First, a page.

17 Dec /13


The word “umbrella” is derived from the Latin umbra meaning “shade”, and for centuries it was used principally as protection from the sun rather than the rain. Umbrellas were used in ancient Egypt, Assyria, Persia, China, India, Greece and Rome. They were seen as status symbols, and in the same way that sophisticated citizens would show their peacock feathers and cool themselves with peacock fans, people of a certain class would guard against sunburn with elegant umbrellas.

As a result, almost all the early references in English indicate umbrellas being used in exotic places. The very first of these came in 1611. This was courtesy of travel writer Thomas Coryat, in his amusingly titled description of travels through Italy, France and Germany Crudities: Hastily gobbled up in five months. Ironically, 1611 was one of the wettest years on record in England, with constant rainfall and flooding washing away crops and homes. It is doubtful that English readers would have appreciated Coryat’s references to sunnier lands.

It seems it was Thomas Herbert (China and the armchair travellers) who was the first English-speaking person to see an umbrella used as a shield from the rain. He documented it in his book Travels in Persia. But the idea proved unpopular with England’s Puritans, who believed the rain was heaven-sent and saw the umbrella as a frivolous item. It would not be until the late Victorian era that the umbrella became commonly used in England, and it took longer still for it to become a consumer product with a global market. China, one of the first places where English-speakers saw umbrellas in use, is now the world production leader with the town of Shangyu alone having more than 1,000 factories. In the United States some 33 million umbrellas are sold each year.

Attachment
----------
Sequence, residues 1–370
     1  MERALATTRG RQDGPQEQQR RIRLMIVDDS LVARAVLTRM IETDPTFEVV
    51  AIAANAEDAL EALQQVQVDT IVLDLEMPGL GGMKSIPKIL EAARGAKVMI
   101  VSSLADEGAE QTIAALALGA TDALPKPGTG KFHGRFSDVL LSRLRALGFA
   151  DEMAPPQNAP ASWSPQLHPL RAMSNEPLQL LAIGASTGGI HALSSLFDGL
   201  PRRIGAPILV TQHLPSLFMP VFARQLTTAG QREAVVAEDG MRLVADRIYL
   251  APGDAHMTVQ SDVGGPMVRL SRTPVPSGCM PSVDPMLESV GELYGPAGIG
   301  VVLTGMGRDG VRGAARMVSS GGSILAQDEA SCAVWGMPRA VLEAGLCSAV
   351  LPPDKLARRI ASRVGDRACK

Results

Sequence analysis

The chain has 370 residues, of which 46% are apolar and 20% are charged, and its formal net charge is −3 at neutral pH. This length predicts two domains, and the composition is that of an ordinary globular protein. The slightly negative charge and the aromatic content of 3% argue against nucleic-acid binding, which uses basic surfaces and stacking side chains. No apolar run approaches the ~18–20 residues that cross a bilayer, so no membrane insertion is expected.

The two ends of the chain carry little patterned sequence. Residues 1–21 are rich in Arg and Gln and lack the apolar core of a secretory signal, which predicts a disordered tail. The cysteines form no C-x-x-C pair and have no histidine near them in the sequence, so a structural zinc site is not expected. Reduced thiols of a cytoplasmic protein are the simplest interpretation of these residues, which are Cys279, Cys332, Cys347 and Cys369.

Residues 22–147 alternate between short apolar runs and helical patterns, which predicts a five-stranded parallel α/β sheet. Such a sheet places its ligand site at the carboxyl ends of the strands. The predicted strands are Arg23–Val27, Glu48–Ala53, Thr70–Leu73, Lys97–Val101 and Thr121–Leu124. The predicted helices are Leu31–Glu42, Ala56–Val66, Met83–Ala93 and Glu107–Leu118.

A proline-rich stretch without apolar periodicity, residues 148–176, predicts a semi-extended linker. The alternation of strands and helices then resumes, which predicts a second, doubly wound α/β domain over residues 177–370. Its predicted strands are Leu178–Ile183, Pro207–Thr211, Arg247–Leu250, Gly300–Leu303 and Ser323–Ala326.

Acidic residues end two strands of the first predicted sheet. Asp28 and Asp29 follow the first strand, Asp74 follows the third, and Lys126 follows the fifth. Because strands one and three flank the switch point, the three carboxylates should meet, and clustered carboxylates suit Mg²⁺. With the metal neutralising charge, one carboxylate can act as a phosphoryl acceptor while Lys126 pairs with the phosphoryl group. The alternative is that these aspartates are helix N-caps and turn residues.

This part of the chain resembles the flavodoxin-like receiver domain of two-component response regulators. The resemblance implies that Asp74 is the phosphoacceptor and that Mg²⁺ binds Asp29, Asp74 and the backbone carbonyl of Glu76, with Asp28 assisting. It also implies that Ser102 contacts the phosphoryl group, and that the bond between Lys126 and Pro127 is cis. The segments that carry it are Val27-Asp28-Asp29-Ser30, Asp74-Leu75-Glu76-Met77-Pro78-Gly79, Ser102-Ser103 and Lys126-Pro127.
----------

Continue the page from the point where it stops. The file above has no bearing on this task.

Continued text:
The umbrella is also a central part of one of the most popular and memorable scenes in all of cinema. In 1952 Gene Kelly created an iconic dance routine to the title song in “Singin In The Rain”. The scene showcases the umbrella as an elegant prop but not as an effective protection from the rain. Kelly was soaked to the skin, and after filming he was confined to bed with a 103 degree fever.

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